Learning to use off-camera flash allows you to create and shape light, giving you plenty of new opportunities for dramatic photography.
But for many photographers, starting up with flash can be intimidating. It’s not just a matter of aiming a flash at your subject and hoping for the best. Choosing the wrong angle or positioning for your flash can have a negative effect, casting unflattering or irregular shadows.
A tennis player lit by off-camera flash cross lighting
I remember when I was starting out with off-camera flash I would sometimes get images where the light simply didn’t look right. But when it’s used effectively, flash adds to an image – it shouldn’t make the lighting seem unnatural or otherworldly (unless, of course, that’s the effect you’re going for – to each their own!).
But where’s a good place to start? Where should you put your flash in order to get good light? This article will show you one method you can use called cross lighting that you can use to create dramatic images with off-camera flash.
What is cross lighting?
For both beginners and pros alike, cross lighting is a very quick and simple setup that results in a dramatic, well-lit shot.
Like the name implies, this setup features two light sources on opposite sides of the subject. Hitting your subject from both sides adds a sense of depth to the image, while still producing natural-looking light.
An example showing an off-camera flash cross lighting setup for a portrait of a tennis player.
The key or main light
Typically you want your light that will provide the most illumination, also know as the key light, placed in front of the subject and a bit to one side. For portraits, you will typically want to use a modifier on your light, such as a softbox or umbrella. This isn’t a requirement – but it will help soften the shadows and create more flattering light on the subject.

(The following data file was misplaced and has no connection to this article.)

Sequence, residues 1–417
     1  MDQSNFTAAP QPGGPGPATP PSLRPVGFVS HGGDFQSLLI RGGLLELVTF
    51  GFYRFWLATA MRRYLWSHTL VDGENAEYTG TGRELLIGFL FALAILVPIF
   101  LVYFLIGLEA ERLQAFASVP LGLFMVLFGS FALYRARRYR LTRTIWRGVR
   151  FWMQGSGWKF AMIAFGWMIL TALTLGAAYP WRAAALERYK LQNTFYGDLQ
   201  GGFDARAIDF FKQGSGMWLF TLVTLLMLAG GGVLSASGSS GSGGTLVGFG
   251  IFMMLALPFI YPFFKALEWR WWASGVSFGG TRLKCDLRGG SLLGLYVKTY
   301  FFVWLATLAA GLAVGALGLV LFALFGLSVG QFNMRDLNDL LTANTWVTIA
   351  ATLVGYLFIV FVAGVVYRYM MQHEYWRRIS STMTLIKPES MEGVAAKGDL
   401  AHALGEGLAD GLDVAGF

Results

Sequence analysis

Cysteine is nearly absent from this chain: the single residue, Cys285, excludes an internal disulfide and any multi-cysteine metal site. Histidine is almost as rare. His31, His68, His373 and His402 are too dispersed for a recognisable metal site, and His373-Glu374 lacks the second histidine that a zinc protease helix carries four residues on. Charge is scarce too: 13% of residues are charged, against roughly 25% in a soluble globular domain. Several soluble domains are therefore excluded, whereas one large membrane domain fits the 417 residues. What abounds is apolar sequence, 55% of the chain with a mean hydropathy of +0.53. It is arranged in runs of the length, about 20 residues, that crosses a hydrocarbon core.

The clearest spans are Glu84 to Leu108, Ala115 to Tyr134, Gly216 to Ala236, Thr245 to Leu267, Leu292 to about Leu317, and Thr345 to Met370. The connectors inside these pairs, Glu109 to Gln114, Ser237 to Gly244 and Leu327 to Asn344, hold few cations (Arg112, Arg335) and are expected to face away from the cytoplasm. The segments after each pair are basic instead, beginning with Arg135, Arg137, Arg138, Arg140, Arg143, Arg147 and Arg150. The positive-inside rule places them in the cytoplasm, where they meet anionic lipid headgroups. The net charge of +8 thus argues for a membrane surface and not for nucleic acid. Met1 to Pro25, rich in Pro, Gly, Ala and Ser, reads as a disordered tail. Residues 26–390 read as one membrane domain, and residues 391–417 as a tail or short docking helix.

The purpose of this key flash is to light up the subject’s features and put a sparkle of catch light in their eyes.
We convinced this model to act as our stand-in for a few quick portrait shots. Here is an image with only the key light, an off-camera flash positioned to the right of the camera.
Add a second flash as a rim or separation light
The second light is placed behind the subject on the opposite side as the first one. The purpose of this light is to create an “edge” of light around your subject. This is traditionally called a “rim light” or a “separation light” since it helps to separate the subject from the background.
By adding a second light to the left of the camera and behind our model, we’ve created a rim of light that separates him from the background for a much more pleasing and dynamic image. Notice the highlight on his hat and hand on the left side.
Voila! This quick setup is an easy way to get started and start exploring the creative potential of a shoot. As you begin to snap pictures, you may find something about your setup that you want to change, but the cross lighting gives you a solid foundation from which to build.
We’ve flipped the orientation of the lights for this shot – while keeping the same cross-lighting style. Now our key light is on the left, and the rim light is provided from the right.
Quick to set up
One of the reasons I love using this setup for off-camera flash is that it takes away the guesswork and provides a solid foundation of light that you can then begin to work with and modify.